Is snoring causing a rift in your relationship? It affects about 90 million adults in America, but there is more-to-the-snore than it being just a nightly nuisance.
In severe cases, snoring could be a sign of a life-threatening medical condition called sleep apnea.
In the U.S., sleep apnea is as common as type 2 diabetes.
Left untreated, it can lead to high blood pressure, heart disease and even stroke.
So if the sounds of your slumber are sending others up the wall, here’s what you should know.
Severe snoring is just one indicator of obstructive sleep apnea — or OSA — a condition where one’s airway is blocked off during sleep, leading to repetitive pauses in breathing.
“I had events where I would go 90 seconds without breathing.”
For Victor Vargas, the signs of his sleep apnea weren’t so loud and clear.
“I had the most severe sleep apnea… oxygen down to 80%. In the hospital, when they call code blue, oxygen level is down to 80%,” Vargas says.
But help came for this father of one when he decided to hit the hay at a sleep lab, similar to the Comprehensive Sleep Center at Good Samaritan Hospital, where patients are monitored throughout the night.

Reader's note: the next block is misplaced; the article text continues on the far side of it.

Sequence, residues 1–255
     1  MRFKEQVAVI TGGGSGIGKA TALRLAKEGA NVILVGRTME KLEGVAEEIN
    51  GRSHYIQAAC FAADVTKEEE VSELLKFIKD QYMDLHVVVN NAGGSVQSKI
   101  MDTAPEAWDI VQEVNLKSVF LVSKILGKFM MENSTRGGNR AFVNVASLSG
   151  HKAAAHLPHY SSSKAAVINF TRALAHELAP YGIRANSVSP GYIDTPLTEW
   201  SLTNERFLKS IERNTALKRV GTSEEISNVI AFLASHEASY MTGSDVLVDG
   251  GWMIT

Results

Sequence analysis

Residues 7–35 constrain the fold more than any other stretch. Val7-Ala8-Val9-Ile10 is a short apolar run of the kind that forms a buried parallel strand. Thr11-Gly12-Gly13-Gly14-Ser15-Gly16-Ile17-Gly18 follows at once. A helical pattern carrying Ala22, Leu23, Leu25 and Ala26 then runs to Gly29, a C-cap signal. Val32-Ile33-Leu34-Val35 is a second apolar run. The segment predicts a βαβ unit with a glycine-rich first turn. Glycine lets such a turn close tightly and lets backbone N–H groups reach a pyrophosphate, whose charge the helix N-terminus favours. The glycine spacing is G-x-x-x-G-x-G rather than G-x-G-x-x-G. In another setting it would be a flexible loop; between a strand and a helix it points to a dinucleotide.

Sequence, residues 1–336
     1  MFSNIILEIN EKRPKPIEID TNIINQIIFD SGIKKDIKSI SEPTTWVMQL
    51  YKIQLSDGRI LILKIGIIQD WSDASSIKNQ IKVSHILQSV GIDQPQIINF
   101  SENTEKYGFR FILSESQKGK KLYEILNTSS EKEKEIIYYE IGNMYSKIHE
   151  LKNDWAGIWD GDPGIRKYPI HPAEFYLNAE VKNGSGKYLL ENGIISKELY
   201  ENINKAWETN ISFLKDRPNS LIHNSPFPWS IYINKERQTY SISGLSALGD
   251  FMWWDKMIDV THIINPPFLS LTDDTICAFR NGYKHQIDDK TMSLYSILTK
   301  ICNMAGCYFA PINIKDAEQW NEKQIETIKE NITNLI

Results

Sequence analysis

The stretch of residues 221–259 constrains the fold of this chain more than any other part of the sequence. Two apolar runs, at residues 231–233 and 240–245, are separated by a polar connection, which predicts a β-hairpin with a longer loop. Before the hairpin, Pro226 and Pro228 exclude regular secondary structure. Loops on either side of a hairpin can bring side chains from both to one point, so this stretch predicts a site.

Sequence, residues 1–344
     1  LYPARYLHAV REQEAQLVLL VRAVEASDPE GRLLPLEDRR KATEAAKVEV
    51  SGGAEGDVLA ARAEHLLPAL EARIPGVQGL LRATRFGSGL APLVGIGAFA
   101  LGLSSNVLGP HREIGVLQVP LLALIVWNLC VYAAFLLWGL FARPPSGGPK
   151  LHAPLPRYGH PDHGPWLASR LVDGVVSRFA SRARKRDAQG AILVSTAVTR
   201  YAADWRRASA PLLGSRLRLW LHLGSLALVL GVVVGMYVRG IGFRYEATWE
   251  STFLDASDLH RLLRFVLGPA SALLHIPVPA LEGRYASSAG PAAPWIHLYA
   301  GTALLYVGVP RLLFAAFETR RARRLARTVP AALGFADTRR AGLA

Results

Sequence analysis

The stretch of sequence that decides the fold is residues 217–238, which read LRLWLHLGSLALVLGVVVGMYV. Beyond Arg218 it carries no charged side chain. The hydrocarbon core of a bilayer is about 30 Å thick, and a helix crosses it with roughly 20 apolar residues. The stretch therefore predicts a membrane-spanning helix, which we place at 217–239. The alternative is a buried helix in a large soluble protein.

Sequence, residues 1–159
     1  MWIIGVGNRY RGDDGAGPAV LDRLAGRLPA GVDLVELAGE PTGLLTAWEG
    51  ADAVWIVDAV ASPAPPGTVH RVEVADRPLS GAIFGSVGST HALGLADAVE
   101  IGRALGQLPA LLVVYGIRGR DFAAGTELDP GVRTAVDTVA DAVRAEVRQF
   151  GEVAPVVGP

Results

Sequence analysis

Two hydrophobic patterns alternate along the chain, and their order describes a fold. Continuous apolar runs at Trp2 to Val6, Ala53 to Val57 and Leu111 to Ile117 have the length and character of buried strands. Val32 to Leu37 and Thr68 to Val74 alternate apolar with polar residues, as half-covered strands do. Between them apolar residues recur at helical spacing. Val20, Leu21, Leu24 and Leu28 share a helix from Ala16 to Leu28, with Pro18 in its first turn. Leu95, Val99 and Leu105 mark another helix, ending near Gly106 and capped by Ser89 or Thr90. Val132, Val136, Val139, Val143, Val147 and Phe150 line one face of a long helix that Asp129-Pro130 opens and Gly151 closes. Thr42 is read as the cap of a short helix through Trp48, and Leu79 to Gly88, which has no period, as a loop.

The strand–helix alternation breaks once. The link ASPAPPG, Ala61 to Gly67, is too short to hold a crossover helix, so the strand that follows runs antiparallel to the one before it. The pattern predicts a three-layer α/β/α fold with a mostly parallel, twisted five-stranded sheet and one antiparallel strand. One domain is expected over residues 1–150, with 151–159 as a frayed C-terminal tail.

Doctor Sterling Malish says that many times the answer to sleep apnea is a c-pap ‘mask.’
It is connected to a machine that generates airway pressure to split the airway open and is very effective in eliminating snoring and OSA.
“I use a nasal pillow… It was like night and day. So much energy. All because of a good night’s sleep,” says Vargas.
But what about those over-the-counter ‘cures’ that promise to remedy the rumble?
Many will claim that they’ll cure snoring, they’ll cure sleep apnea. But for a lot of these products, that’s simply not true.
You probably won’t find solace in a strip or a spray. Instead, try this trick to stay on your side.
“As simple as taking a fanny pack, fill it with golf balls or tennis balls, reverse it around your waist,” Dr. Malish recommends.
“During the night you happen to roll over you get a little reminder, hey you need to stay on your side.”
Other tips that might put your snoring to rest include losing weight, avoiding alcohol before bedtime and quitting smoking.
Doctors say every method is trial and error for each individual, and always check with a professional first — because not all snoring equals sleep apnea.